Valley Picnic Area Park Lot CLosed - Plateau Trail Loop Affected
Valley Picnic Area Parking Lot is closed for the replacement of the damaged culvert on the Plateau Trail, from dusk on Monday, September 22 to 5 p.m., Thursday, October 2, 2014. Access to Plateau Trail is via the Oak Hill Trailhead. Loop unavailable.
Valley Bridle Trail south of SR 303, across from golf course, is collapsed by river. Hard closure. Plateau Trail Bridge, north of Valley Picnic Area is closed. No detours. Plateau & Oak Hill trails are open. More »
September Dinner In The Valley Features French-Canadian Themed Meal And Heritage Series Concert
Contact: Susan L. Riffle, Director of Marketing and Public Relations, Conservancy for Cuyahoga Valley National Park, 330-657-2909 ext. 109
Conservancy for Cuyahoga Valley National Park
PENINSULA, Ohio (Monday, August 27, 2012) - The Conservancy for Cuyahoga Valley National Park continues its monthly Dinner in the Valley series in September with a meal inspired by French-Canadian cuisine followed by the season's first Cuyahoga Valley Heritage Series concert. Each month, the Conservancy's Dinner in the Valley features Chef Larkin Rogers, who creates a delightful meal hosted at one of Cuyahoga Valley National Park's extraordinary venues.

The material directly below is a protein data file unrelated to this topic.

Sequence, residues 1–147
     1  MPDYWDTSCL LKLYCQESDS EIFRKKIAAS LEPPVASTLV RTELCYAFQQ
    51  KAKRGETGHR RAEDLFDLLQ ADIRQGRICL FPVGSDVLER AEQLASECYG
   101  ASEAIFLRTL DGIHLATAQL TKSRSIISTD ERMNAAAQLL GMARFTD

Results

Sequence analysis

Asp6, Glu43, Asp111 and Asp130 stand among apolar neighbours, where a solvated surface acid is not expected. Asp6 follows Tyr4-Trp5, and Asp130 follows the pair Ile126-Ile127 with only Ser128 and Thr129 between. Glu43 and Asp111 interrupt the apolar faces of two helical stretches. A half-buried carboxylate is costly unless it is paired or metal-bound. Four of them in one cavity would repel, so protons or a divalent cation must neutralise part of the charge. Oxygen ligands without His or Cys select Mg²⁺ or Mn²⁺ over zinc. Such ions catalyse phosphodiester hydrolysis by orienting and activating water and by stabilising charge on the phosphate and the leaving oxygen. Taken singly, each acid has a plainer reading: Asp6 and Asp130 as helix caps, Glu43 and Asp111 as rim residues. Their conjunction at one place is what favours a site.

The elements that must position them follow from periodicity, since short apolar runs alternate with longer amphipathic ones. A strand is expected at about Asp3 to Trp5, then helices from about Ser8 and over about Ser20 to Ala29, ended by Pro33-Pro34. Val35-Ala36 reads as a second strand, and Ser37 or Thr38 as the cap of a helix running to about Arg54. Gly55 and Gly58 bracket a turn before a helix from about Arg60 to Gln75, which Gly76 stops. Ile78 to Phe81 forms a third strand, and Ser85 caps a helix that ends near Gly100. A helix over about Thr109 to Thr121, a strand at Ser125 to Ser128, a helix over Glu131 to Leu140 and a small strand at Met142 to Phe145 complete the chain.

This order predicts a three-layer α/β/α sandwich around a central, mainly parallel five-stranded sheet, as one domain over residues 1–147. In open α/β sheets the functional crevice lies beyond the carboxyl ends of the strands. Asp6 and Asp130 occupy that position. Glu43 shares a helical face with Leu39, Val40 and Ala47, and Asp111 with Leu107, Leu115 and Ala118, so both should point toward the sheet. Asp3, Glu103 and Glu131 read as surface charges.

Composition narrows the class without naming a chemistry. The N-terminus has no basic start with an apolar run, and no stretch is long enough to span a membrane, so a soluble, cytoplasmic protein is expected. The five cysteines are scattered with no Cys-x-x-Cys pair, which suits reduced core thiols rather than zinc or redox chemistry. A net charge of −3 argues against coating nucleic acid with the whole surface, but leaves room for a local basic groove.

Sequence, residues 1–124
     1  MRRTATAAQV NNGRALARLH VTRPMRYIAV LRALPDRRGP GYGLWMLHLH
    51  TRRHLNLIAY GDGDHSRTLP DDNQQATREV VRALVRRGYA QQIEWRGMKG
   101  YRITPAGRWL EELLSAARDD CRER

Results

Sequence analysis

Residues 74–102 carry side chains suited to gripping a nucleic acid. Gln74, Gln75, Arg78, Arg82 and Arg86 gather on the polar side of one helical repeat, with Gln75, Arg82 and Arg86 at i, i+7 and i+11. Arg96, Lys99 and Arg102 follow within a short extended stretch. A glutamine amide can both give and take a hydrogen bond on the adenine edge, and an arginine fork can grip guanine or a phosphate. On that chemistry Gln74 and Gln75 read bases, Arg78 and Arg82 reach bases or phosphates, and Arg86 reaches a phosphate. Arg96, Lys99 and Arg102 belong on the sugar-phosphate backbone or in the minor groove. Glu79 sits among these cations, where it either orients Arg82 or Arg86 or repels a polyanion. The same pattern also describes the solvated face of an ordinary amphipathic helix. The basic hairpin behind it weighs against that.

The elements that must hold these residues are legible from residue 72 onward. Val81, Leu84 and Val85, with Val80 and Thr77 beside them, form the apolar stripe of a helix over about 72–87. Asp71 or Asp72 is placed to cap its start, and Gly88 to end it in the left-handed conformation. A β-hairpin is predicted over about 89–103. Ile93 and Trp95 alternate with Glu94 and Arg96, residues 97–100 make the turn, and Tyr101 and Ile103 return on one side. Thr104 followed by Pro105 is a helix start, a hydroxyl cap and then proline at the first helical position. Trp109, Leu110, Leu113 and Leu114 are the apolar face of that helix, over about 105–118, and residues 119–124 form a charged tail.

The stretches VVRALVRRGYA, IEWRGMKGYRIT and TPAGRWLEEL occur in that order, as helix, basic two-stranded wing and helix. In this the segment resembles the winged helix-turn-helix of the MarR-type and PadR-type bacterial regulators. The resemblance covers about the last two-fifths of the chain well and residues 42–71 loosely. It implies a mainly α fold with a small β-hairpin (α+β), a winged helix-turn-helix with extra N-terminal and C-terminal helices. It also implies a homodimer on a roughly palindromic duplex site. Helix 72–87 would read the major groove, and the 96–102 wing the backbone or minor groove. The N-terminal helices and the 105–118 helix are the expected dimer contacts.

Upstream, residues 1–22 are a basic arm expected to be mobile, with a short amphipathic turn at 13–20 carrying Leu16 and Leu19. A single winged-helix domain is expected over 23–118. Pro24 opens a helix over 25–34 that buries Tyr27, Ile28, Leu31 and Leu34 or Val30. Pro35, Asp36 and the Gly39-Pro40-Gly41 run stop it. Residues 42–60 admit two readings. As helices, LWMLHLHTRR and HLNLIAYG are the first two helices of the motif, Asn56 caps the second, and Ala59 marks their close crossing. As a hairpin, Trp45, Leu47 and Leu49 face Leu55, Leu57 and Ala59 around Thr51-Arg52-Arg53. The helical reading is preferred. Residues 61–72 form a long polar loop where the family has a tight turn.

On Friday, September 14, the delicious Dinner in the Valley meal will be followed by a lively concert by Vishten at Happy Days Lodge. The members of Vishten have been touring their brand of new-traditional Acadian music, with a sound that is essentially Celtic, but the songs are French. The evening's events begin at 6:00 p.m.
Reservations are required and are being taken through Friday, September 7. Call 330-657-2796 ext. 121 for reservations. Pricing is $40 for members, $45 for non-members, and $12 for children ages 5-12. Price includes dinner, dessert and concert ticket. Learn more at www.conservancyforcvnp.org.
About the Conservancy for Cuyahoga Valley National Park
Did You Know?
During the Great Depression, the "boys of Company 567" of the Civilian Conservation Corps helped shape the landscape that would later become Cuyahoga Valley National Park by constructing buildings, playfields, and a lake, as well as planting over 100 acres of trees.